Trading requires that you keep your emotions under control. You can’t be extremely disappointed or fearful. Extreme emotions can be distracting. They not only drain precious psychological energy, but they distract you from the task at hand. You can’t fully focus your attention on trading because, in the back of your mind, emotional issues gnaw at you. There are many possible reasons for experiencing unpleasant emotions, but one reason may involve the expectations you set for yourself regarding your trading goals. If your expectations are not in line with your current trading skills, you’ll be prone to experience extreme disappointment or extreme fear.
Common sense tells us that if we want to achieve success in life, we must set high standards. Indeed, how could one hope to achieve any amount of success by setting low standards? Ironically, setting standards too high can undermine our efforts, however. If we set our standards too high, we tend to fail. And when we “try and try again” to no avail, we often quit in despair. In actuality, it’s much more useful to set goals and expectations that match your particular skills. In a series of studies, psychologist Dr E. Tory Higgins has shown that when we fail to meet our expectations, we feel either fear or disappointment. People set expectations in two basic ways: in terms of what they want to achieve as an ideal, or in terms of what they think they “ought” to achieve. We continually judge our performance in terms of whether it meets our expectations. For example, we may feel that “ideally,” we should quit our jobs and work as full-time traders, a noteworthy goal.
Such a goal can be very powerful and motivating, but what happens when we don’t seem to be achieving it? A trader who isn’t trading well enough to trade for a living can use a form of “denial” in order to fool himself or herself into believing that the ideal goal is still within reach. Eventually, however, reality sets in. He or she may start to realize the goal is unrealistic. When this happens, the trader is prone to experience disappointment. He or she knows the goal is unrealistic and starts to feel unworthy and inadequate because his or her cherished ideal has not been met.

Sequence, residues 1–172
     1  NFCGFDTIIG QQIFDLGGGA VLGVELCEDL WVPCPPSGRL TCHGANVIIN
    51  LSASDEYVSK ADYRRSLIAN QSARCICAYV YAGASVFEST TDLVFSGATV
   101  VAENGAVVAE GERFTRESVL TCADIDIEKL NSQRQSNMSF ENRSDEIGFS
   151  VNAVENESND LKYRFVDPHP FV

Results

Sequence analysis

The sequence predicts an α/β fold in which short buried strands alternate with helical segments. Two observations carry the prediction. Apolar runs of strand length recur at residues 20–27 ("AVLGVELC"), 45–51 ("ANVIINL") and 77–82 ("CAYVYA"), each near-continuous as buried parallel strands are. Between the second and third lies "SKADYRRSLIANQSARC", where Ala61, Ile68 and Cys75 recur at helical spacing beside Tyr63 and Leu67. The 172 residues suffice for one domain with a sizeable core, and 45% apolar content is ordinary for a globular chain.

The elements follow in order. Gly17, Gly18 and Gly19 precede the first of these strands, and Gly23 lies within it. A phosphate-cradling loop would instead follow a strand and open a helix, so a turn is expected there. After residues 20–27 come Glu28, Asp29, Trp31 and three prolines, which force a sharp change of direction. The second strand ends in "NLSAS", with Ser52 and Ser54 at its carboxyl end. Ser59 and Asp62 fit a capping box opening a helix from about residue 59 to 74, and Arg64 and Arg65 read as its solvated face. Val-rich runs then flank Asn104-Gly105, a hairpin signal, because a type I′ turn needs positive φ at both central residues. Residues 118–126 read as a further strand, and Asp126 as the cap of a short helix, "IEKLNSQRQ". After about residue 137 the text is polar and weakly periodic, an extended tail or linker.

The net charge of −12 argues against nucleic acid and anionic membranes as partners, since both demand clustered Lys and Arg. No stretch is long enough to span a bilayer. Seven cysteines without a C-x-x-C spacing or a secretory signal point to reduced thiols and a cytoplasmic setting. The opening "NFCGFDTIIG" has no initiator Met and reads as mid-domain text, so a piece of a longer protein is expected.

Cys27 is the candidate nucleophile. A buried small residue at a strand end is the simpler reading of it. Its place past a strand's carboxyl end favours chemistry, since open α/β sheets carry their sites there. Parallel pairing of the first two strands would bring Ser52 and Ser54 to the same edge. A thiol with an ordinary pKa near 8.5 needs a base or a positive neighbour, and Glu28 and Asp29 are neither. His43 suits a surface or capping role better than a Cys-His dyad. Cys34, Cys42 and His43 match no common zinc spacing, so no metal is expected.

If, on the other hand, the trader had set lower expectations, such as making merely a few winning trades a year, he or she would have not experienced disappointment, an extremely distracting and debilitating emotion, and would have felt satisfaction (and would have probably traded more profitably as well, since he or she would not have been incapacitated by feelings of disappointment). Traders may also feel they “ought” to achieve a particular standard, such as achieving a 20% return. When we fail to achieve what we think we “ought” to achieve, we tend to feel fear. And as you know, fear usually leads to illogical, impulsive trading decisions, so it’s useful to do whatever it takes to avoid fear. Again, it’s useful to set personal standards that closely match our current skill level.
All traders want to be consistently profitable, but it’s essential to remember that success happens in stages. Few consistently profitable traders were an overnight success. They put in time and effort over the years to build the skills they needed to master the markets. If you set your aspirations too high, you’ll likely experience fear and disappointment. And that will adversely influence your trading decisions. Don’t let your emotions get the better of you, set realistic expectations and you’ll be able to cultivate the cool and objective mindset required to trade consistently and profitably.